Researchers Say Childhood Trauma and Addiction Have Biological Link
Researchers at the Department of Psychology at Marshall University have been studying the role that childhood trauma may play in later substance use. In other words, do negative childhood experiences contribute to addiction susceptibility?
It is true that much evidence has been garnered that reveals a clear association between childhood trauma and addiction – and in fact, the more traumatic the event(s), the more likely a child will struggle with addiction.
However, researchers have now demonstrated that this is not merely psychological reaction as previously thought – there is a biological relationship as well.
Moreover, childhood trauma may induce a genetic predisposition to addiction. This association occurs through complicated processes initiated by the traumatic or stressful event. As a result, first drug exposure can instigate a genetic variation that encourages the development of addictive behavior.
Teens with certain genetic propensities are particularly susceptible to substance use disorders. However, this outcome can be tempered through healthy experiences later in life, just as close adolescent relationship and team sports participation.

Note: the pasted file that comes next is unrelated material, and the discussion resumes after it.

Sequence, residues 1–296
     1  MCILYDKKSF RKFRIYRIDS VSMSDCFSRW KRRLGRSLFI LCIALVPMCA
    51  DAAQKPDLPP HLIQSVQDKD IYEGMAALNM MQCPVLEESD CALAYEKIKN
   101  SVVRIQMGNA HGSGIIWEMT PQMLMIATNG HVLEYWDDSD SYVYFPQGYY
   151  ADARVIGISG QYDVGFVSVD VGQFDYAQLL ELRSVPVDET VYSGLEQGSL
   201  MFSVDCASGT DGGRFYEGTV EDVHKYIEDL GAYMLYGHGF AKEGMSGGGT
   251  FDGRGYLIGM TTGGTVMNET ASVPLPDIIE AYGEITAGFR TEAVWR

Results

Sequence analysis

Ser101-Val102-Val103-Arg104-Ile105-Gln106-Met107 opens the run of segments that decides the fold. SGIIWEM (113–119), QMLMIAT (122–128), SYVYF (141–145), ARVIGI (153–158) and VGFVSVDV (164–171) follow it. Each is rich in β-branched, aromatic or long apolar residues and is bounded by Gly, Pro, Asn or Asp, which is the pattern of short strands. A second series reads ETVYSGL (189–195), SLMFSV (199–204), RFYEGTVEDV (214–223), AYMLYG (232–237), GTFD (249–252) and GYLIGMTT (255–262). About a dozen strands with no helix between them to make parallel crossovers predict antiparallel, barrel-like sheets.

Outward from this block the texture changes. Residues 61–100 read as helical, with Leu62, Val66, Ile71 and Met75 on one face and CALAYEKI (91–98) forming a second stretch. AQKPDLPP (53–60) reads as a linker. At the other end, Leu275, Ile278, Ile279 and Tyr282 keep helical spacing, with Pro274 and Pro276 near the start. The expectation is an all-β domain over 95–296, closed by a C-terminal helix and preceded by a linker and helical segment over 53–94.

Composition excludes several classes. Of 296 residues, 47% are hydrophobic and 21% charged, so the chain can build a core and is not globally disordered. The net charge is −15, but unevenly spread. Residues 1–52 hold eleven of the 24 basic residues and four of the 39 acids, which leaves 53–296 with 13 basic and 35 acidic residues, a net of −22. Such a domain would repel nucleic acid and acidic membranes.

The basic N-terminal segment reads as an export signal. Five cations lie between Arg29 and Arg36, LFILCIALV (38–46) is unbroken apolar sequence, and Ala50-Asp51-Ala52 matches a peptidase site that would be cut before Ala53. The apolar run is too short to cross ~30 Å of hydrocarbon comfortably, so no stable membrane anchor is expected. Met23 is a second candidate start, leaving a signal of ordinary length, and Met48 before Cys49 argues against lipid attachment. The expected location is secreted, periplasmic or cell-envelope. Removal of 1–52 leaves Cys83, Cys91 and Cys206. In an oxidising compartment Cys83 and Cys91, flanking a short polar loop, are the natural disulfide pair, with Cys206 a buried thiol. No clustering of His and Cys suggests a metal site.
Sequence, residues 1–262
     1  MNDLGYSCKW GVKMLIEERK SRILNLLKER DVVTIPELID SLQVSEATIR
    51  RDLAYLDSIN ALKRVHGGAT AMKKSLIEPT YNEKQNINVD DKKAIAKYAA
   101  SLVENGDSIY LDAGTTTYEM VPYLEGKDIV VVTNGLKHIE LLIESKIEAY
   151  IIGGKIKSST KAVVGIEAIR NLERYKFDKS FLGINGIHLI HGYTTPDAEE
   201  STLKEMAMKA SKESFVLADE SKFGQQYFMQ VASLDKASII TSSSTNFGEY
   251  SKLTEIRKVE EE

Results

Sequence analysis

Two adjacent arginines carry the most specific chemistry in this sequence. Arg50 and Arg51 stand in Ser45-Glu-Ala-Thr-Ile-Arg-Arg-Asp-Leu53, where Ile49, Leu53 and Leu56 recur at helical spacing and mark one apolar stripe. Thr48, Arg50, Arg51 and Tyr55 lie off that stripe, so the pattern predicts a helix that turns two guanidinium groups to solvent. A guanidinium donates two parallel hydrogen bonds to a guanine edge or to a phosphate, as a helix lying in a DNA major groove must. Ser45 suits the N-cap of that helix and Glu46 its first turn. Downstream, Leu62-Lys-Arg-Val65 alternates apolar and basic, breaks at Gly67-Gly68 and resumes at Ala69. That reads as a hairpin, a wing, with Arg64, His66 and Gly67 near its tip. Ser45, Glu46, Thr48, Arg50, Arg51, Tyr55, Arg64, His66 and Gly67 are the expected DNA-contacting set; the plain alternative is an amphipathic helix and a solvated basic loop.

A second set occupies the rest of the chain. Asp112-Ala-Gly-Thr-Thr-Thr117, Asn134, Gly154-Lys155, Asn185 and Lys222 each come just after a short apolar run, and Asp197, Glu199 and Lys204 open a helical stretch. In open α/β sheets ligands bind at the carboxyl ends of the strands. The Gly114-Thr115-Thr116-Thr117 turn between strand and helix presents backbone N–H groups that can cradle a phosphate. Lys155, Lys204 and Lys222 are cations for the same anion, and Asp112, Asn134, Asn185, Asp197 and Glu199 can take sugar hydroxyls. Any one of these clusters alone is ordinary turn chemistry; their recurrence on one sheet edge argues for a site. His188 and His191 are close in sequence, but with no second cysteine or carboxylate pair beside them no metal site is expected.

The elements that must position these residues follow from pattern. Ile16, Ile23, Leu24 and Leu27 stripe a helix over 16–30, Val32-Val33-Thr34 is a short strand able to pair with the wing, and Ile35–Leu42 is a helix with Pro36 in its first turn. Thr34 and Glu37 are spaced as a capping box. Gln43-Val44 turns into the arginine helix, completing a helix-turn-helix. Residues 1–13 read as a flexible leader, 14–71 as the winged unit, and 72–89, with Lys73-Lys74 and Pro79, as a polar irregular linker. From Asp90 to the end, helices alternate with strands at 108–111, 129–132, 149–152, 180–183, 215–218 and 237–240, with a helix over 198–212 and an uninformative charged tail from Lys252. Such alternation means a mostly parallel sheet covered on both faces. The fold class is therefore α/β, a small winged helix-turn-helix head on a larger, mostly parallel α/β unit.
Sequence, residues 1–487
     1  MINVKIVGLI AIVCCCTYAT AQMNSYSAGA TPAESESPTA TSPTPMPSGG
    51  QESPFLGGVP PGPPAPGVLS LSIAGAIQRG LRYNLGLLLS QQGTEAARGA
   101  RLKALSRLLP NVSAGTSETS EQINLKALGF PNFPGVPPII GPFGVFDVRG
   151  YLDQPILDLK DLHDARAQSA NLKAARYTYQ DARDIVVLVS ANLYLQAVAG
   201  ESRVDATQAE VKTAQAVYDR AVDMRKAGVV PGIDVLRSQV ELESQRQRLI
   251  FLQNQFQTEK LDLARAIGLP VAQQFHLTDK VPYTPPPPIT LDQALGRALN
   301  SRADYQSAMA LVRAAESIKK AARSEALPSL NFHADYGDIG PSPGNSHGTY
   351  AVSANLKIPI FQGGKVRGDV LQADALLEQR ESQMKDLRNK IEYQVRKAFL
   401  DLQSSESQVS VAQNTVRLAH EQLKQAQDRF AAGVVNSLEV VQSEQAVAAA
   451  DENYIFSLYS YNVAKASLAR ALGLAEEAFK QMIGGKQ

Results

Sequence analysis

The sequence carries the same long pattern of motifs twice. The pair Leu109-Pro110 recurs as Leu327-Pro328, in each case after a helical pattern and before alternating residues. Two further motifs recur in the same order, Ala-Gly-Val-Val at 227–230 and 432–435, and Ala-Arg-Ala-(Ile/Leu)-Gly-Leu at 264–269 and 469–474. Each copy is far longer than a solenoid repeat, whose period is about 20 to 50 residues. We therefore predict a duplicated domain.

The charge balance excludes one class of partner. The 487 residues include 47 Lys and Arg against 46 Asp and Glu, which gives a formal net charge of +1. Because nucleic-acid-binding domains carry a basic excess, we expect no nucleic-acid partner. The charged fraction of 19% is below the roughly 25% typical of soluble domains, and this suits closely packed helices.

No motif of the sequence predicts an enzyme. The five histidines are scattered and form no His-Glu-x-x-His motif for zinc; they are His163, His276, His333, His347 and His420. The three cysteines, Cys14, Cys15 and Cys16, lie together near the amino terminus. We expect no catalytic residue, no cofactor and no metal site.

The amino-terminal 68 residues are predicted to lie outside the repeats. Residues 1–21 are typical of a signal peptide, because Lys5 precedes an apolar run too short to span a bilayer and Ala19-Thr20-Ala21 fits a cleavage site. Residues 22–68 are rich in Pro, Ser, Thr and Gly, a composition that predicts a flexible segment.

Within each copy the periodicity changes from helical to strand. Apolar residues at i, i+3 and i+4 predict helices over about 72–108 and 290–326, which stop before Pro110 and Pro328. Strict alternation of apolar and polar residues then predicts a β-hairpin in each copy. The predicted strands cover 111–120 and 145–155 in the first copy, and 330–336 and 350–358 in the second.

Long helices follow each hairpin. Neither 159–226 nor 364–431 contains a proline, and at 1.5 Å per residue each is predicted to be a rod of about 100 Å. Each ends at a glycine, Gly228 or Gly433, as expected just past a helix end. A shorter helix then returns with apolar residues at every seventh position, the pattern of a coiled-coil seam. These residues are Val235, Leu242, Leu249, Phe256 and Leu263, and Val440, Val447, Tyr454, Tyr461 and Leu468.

This association exists because there is a relationship between the neural circuits for social skills and addiction. That is, if there is a deficiency in social reward circuits, individuals may attempt to increase experiential stimulation through substance use as a means to compensate.
The study also noted that the teen years are a critical period for addiction development – therefore, the wide social environment that fosters substance abuse must also be considered in addition to genetic susceptibility and issues with parenting.
In the future, researchers seek to replicate these findings using more heterogenous samples, and discover additional methods to integrate unique, individual factors to development a more accurate addiction model.
~ G. Nathalee Serrels, M.A., Psychology
Reference: Research Gate